tl;dr - It's a rule of thumb that uses gas speed to size valves
This gem of a document does a decent job of explaining the Lovell factor and its significance. It is my source for most of the information presented in this answer.
What's in a Lovell?
The Lovell factor refers to the average (mean) speed of the air-fuel mixture at the intake valves.
Brian Lovell realized/popularized the fact that naturally-aspirated, gasoline engines almost universally churn out peak power around 70-80 m/s mean inlet gas velocity; which makes the Lovell factor a very useful, quick-'n-dirty tool for sizing the intake valves regardless of engine size, bore, stroke, RPM or peak power:
It was, as I understand it, the late Brian Lovell of Weslake who conceived Mean Gas Velocity with respect to intake valves...
I should point out that Brian Lovell proposed Mean Gas Velocity as a means of comparing engines for which precious little data was available in a design era populated with slide rules and not computers; more complex calculations were definitely not on the menu.
The same concept applies to exhaust valves
The target is roughly 300 m/s.
Moreover, if one extends Mean Gas Velocity thinking to the exhaust valves of an engine, where the speed of sound in the elevated temperatures of exhaust gas is some 600 m/s, there the Mach number criterion of 0.5 translates to (if computed at maximum piston speed) a Mean Gas Velocity of 300 m/s.
Hence, it seems feasible to extend the Mean Gas Velocity concept to the exhaust valves as well; this is important as the relative sizing of the exhaust and intake valves is a critical design factor
Why 70-80 m/s for intake and 300 m/s for exhaust?
For reasons that are semi-explained in the document, it's all about trying to achieve Mach 0.5, because that's where the engine "breathes" best.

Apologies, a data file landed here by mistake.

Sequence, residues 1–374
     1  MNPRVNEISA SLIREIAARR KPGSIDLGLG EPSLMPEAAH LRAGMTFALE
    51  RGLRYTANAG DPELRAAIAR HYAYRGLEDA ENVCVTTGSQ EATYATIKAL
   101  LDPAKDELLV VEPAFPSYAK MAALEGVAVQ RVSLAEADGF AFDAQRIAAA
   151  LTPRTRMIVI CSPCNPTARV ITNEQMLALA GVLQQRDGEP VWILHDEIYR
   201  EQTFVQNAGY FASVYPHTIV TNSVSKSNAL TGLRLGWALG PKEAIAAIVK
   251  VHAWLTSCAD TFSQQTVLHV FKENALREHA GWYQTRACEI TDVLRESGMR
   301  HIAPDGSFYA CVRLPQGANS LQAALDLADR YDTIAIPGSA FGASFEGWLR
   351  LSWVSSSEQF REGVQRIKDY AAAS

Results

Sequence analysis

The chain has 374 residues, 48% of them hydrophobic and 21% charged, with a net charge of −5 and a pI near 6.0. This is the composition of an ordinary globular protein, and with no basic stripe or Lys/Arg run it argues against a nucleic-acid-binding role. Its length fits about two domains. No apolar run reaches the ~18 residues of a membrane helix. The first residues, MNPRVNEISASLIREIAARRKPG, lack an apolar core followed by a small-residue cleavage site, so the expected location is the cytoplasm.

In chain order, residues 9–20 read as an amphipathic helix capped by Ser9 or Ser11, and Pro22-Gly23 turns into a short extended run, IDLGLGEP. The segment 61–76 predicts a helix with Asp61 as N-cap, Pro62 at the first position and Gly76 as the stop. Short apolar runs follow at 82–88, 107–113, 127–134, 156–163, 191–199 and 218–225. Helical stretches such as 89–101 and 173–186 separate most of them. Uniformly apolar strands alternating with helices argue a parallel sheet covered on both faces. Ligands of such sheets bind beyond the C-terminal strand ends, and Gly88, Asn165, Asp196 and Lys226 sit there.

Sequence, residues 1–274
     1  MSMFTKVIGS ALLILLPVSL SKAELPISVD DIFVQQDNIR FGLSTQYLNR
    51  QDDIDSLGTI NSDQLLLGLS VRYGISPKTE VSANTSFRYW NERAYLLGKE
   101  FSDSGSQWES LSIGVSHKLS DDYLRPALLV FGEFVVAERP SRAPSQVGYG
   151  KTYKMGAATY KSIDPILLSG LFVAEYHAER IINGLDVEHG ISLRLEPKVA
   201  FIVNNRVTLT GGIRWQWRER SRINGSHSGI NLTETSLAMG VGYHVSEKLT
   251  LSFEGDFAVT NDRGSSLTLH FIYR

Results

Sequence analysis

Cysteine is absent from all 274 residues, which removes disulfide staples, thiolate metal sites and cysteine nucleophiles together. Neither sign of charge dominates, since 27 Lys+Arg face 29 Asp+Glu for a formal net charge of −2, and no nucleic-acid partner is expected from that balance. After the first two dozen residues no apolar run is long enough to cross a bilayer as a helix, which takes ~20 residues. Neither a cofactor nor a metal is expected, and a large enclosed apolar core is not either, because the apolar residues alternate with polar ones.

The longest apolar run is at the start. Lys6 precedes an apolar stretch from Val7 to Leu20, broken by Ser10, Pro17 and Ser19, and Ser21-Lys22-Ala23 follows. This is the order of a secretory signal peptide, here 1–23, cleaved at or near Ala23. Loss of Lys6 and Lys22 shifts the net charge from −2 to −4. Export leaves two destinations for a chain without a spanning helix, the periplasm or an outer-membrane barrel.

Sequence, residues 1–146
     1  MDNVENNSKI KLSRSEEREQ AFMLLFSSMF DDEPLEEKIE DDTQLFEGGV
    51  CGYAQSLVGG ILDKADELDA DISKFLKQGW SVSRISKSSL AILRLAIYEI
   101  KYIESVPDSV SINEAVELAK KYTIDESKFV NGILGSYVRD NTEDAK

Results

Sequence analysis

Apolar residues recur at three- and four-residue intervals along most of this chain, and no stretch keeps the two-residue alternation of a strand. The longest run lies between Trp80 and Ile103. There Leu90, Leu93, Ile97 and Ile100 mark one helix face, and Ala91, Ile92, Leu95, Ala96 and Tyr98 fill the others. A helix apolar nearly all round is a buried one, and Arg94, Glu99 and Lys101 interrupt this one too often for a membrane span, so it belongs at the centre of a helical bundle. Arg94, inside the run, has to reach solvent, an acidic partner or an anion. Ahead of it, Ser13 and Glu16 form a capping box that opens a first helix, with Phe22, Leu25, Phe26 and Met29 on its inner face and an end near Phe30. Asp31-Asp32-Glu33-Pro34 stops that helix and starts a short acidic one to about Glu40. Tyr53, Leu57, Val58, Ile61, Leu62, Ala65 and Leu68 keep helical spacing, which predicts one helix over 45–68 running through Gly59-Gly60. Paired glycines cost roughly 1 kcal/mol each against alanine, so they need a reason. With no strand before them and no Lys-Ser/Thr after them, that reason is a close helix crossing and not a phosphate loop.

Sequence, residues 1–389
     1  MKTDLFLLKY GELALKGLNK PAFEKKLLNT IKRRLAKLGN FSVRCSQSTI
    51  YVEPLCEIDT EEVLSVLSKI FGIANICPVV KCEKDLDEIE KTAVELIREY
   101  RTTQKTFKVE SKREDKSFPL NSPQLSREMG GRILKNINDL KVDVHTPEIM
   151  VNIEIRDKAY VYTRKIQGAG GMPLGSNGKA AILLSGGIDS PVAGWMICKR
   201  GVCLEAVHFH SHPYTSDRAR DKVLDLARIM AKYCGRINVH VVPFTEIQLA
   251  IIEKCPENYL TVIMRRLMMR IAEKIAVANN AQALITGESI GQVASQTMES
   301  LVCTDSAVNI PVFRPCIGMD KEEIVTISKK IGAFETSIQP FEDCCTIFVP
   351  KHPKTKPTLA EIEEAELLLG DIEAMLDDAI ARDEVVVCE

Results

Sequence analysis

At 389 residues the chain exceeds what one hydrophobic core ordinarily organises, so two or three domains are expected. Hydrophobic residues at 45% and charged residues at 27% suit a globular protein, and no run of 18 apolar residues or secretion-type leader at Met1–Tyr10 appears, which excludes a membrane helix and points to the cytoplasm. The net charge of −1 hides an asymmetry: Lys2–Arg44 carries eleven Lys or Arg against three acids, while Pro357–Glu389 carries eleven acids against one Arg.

A ‘perfect’ design is considered to have a maximum particle velocity in the exhaust and intake ducts where the Mach number is 0.5.
Mach = Gas Velocity / Speed of Sound in that gas
Since the speed of sound will change depending on gas pressure, temperature and composition, the ideal speed will vary between the inlet and exhaust valves.
The Mach value will also vary with engine load since the valve diameter is fixed, so it is up to the engine designer to strike a suitable compromise between low-end and high-end performance.
As a side, this also explains why exhaust valves are (usually) smaller than intake valves.
How is it calculated?
Compute the mean piston speed (Cp) at the RPM of interest:
Cp = 2 * STROKE * RPM / 60
Compute the area ratio (Kiv) of the intake valve opening to the cylinder bore:
Kiv = INTAKE VALVE AREA / CYLINDER AREA
Compute Lovell factor (KL):
KL = Cp / Kiv
This metric will not, by itself, help you design other parts of the engine. I'll let the quote speak for itself:
I regret to say that, while this is a design criterion for the dimensions of an intake valve and is doubtless helpful in that regard, further assistance is not forthcoming for the rest of an engine design.
What are some possible use-cases for the Lovell factor?
The following spring to mind (most will involve resizing valve diameter(s)):
- Redesigning an engine for a different power level
- Altering the trade-off between low-end vs high-end performance
- Assessing the impact of a stroker kit on cylinder head re-design
- Deciding on the number of valves during engine design phase
- Manifold resizing
- Exhaust redesign to benefit from scavenging
- Redesign naturally-aspirated cylinder-head for forced-induction